So, for this scenario, you buy the property for $325,000 (again $5,000 above the asking price of $320,000) but your net purchase price is really about 2% less than that since the lender is gifting you 2% toward your down payment and your monthly payment is as if you utilized a full 3% down payment. So, we use a purchase price of $319,000 (about 2%... in this case $6,000) below your offer price.

Since we start you with $5,000 in your bank account, you have enough for a 1% down payment to purchase a home to live in in month 1.

Also, since you're putting a little bit more down with a different loan program, your interest rate is the slightest amount lower than you could get with nothing down. When we did the nothing down loan we assumed your interest rate was 4.875%; with the 1% down payment loan program we are assuming it is 4.750% or 1/8 of a percent lower.

Everything else remains the same.


Using your crystal ball, you might expect what I am about to say next. If you remember from the last scenario, you bought a property for $5,000 above asking price so you could finance your closing costs. If you recall from that scenario, I showed you that you have negative equity early on as your appreciation and debt paydown caught up with your $5,000 overpayment. That did not happen with the 1% down payment loan program. In fact, you're gifted 2% of the purchase price from the lender so you actually start off with a little bit of instant equity.

Here's a chart showing the comparative equity in your houses between this scenario and the last.

You might think that this will have long reaching impact, but it is not as significant as you might imagine. Why? As it turns out, since it is the same property worth $320,000 at the start and at the 30 year point you pay off both loans, you end up in the exact same position. You end up, at year 30, with the exact same property with no loan... so you have the exact same amount of equity in year 30 and beyond as shown in the chart below.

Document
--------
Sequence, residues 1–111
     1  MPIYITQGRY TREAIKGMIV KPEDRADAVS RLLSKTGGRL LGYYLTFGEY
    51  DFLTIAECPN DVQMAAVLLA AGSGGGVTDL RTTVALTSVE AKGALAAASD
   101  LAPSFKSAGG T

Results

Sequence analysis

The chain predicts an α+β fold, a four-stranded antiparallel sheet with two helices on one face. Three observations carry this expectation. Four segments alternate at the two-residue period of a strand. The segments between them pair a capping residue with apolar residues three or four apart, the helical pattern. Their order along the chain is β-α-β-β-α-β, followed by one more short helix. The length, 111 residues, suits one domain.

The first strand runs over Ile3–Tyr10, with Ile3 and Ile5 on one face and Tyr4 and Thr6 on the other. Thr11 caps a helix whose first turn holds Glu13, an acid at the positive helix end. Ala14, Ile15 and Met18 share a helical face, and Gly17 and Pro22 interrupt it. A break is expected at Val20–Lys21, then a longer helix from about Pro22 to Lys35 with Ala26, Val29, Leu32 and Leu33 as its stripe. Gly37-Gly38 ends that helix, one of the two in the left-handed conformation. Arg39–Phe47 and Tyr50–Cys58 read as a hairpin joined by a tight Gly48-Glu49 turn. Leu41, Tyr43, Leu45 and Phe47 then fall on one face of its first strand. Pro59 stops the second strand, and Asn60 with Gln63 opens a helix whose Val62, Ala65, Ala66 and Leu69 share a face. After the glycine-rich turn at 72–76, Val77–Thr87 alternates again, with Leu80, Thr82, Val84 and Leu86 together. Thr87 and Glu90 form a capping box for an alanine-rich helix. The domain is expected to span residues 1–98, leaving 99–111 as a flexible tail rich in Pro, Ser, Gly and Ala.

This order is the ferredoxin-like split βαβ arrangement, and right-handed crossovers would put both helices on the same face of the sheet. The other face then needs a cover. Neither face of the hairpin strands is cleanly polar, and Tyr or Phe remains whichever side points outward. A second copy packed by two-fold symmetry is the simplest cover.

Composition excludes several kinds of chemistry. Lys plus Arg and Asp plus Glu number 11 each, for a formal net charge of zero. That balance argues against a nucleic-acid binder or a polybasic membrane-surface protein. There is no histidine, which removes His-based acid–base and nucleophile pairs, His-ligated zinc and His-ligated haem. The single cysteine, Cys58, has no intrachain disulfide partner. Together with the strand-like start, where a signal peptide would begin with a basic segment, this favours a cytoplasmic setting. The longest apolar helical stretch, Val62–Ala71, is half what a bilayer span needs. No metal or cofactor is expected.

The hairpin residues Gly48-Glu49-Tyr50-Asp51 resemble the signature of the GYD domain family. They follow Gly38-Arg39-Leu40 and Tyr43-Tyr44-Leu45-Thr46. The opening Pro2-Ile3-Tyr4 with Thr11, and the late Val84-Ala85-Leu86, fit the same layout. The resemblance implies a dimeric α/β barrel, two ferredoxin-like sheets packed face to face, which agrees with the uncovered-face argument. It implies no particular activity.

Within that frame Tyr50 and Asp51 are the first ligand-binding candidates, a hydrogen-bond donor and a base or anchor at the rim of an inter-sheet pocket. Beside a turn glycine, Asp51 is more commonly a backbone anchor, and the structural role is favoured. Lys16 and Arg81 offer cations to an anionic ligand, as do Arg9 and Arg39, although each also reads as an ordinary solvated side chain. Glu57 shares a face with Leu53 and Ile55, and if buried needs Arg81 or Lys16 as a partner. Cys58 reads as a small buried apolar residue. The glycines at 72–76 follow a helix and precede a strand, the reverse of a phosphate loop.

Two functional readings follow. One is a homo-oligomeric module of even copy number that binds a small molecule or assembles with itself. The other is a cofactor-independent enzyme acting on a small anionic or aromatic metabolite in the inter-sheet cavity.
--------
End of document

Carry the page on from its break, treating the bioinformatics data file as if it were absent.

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Nothing Down Homeowner Saves $160/mo in Stocks but No Rental Real Estate

In the last 2 scenarios, we assumed you were renting the property, enriching your landlord. For the first time, we're going to assume you buy a home to live in. This changes many of our assumptions that we've made before so I will cover what stayed the same and what has changed.

First, you still earn $5,000 per month from your paycheck and pay taxes on that at a rate of 17.9%. Your paycheck increases at a rate of 3% per year from inflation but we show the increase monthly as I already explained.

Your expenses are different than we've discussed before though, for a few really, really good reasons.

Before, we estimated your expenses to be $3,945 per month and that included rent to your landlord. In this scenario, you are not renting so your expenses should not include rent. Instead, you should have the expenses of owning a property including mortgages payments, property taxes, insurance, and homeowner's association (HOA) on your property. So, to model this, we reduced your personal expenses to be equal to $1,945.00 and we are going to add your housing expenses separately. Here's a chart showing the first year of your personal expenses that does NOT include your real estate expenses.

So, you can see that your personal expenses start at $1,945.00 and grow over time at a rate of 3% with inflation.

Your House

I will loop back to your personal expenses to add in the cost of your house in a moment after I walk you through the house you're buying and my assumptions for that.